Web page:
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Malpractice is always tied to the concept of negligence. In the medical profession, this is largely interpreted as a violation of the patient’s trust.
The doctor-patient relationship is predicated on the establishment of trust.

Here, the patient trusts his doctor to do him no harm and to make sure that his doctor will only perform procedures that are beneficial to his patient. Unfortunately, when this trust is broken medical malpractice ensues.

What is Medical Malpractice?

When a medical doctor or any other treatment provider cause harm to any patient through negligence, that doctor or medical professional is guilty of medical malpractice. Malpractice is always tied to the concept of negligence. In the medical profession, this is largely interpreted as a violation of the patient’s trust.

Duty of Care

Doctors have the solemn duty to care for their patients. This often translates to adherence to global standards of care that have been institutionalized and mandated by international healthcare organizations. This simply means that everyone in the healthcare team must observe the different standards in order to ensure optimum level of safe and quality care. If these standards are not met, negligence can ensue leading to less-than-favorable patient outcomes. In some cases, the patient may sustain further injuries or, in worse cases, may lead to his demise.

It is during these breaches of the standards of care or negligence in the duty of care that doctors and treatment providers can be charged with medical malpractice.

Elements of a Medical Malpractice Suit

Victims of medical malpractice need to understand that it is important to satisfy five fundamental elements necessary to qualify negligence as medical malpractice. There must be a legal duty that was breached and that this led to an injury. Additionally, the breach can be proven as a deviation from the accepted standards of care and the injury or the damage must be proven to be the direct result of the deviation from standards.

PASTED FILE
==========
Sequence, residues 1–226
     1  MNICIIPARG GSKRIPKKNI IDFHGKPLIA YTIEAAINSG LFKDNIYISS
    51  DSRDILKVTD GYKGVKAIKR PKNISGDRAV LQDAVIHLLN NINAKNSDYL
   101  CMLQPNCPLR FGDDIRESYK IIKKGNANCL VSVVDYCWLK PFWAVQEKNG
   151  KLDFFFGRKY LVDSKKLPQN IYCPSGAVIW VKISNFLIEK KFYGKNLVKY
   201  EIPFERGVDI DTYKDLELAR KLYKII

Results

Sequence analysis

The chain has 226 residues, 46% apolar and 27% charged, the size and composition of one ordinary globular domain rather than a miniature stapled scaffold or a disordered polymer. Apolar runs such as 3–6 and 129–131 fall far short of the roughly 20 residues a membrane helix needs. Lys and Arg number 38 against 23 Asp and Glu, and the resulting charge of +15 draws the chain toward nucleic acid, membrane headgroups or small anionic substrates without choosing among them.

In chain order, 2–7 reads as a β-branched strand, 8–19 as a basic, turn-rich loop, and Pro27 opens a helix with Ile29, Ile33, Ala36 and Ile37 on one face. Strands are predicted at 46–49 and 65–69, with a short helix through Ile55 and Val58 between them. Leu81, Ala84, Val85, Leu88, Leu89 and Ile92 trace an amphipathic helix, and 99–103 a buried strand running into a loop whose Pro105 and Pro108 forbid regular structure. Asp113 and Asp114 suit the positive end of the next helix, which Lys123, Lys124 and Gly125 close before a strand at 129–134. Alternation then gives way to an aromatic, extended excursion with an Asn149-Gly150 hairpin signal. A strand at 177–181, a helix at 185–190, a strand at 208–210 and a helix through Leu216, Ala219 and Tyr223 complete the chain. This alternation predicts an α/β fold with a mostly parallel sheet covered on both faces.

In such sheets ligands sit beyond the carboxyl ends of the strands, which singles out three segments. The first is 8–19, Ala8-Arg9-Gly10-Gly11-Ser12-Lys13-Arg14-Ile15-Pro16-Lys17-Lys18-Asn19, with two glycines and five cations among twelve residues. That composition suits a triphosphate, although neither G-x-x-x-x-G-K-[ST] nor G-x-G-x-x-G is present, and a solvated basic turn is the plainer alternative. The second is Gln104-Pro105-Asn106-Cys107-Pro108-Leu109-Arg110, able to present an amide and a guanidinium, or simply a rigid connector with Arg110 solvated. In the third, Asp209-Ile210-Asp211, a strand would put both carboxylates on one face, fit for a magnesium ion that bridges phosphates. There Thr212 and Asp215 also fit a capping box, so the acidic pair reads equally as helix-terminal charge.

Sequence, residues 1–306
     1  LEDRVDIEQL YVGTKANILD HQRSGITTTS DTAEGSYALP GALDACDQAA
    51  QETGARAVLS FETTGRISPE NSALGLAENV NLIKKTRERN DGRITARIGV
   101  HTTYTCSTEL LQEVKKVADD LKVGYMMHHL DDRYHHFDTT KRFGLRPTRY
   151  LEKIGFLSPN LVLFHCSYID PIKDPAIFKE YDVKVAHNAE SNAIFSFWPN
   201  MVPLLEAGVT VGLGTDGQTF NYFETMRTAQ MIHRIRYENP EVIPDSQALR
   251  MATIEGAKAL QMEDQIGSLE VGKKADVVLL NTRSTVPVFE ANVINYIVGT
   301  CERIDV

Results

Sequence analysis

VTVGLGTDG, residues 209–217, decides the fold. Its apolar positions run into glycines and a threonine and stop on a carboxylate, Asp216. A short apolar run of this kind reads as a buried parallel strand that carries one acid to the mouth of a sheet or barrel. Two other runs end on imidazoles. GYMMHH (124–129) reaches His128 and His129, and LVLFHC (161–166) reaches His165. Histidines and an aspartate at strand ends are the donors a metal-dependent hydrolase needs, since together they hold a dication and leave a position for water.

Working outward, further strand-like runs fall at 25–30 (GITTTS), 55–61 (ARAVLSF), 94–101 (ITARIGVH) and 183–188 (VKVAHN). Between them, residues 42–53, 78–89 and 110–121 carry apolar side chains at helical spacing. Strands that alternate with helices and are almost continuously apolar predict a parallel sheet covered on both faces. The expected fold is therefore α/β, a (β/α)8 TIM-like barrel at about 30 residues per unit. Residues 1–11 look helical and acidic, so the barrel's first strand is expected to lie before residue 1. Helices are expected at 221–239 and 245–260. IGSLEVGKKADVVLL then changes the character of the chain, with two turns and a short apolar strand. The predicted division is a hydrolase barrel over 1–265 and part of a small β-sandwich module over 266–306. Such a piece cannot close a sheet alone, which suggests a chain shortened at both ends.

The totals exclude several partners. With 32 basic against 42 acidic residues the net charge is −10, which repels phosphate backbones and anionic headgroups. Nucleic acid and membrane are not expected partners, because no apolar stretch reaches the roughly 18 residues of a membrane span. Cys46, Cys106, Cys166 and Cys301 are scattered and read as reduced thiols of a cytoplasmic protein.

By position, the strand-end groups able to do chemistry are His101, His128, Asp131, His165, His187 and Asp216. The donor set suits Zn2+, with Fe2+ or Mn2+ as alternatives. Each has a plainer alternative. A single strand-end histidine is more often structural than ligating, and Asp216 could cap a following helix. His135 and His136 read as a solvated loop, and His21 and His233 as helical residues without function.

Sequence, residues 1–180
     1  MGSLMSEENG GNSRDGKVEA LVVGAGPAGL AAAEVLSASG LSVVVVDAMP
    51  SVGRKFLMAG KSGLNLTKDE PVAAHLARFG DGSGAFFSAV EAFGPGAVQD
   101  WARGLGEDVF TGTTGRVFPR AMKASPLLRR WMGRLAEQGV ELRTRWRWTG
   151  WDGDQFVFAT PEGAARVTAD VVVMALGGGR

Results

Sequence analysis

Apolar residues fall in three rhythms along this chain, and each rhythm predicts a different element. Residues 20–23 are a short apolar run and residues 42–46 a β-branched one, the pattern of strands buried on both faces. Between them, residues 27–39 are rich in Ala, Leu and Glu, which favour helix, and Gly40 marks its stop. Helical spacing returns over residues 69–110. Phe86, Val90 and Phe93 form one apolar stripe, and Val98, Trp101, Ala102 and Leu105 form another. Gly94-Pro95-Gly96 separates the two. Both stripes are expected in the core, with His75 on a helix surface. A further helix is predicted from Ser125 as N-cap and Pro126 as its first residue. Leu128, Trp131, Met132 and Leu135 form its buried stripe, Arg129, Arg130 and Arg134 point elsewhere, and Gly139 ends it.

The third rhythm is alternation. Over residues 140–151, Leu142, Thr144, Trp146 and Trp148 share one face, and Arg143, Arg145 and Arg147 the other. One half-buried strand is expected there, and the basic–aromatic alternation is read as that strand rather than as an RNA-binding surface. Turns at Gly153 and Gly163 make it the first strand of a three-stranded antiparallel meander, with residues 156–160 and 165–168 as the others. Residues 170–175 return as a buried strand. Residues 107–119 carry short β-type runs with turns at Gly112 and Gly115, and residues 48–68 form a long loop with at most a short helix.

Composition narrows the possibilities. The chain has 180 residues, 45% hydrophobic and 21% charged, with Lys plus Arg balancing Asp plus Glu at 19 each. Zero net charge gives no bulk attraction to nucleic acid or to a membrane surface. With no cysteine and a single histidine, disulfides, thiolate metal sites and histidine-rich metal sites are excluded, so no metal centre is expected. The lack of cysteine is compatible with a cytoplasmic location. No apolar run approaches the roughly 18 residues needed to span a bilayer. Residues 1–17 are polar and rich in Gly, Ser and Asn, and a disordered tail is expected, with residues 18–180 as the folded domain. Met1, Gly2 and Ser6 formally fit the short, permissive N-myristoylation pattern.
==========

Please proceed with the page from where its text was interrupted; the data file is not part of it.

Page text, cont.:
For example, it is the duty of the surgeon to perform the inherent time-out checks in any surgical procedure. If this was not observed or was observed but was done in a haphazard way and resulted in the premature closure of a surgical incision leaving a needle inside the body cavity leading to excoriating post-operative pain and bleeding, then the surgeon may be guilty of medical malpractice. The breach occurred in the form of not double-checking the instruments used in the surgical procedure, which leads to the damage of internal bleeding and pain. Of course, this rarely happens. But just to illustrate the point.

If you are a patient, it is imperative that you trust your doctor. Doctors, in turn, should also take care of this trust. Otherwise, if the trust is broken, not only are you looking at legal consequences ahead, it will also be quite traumatic putting your trust on doctors again.

Distributed by Beutel Hurst Boleky LLC

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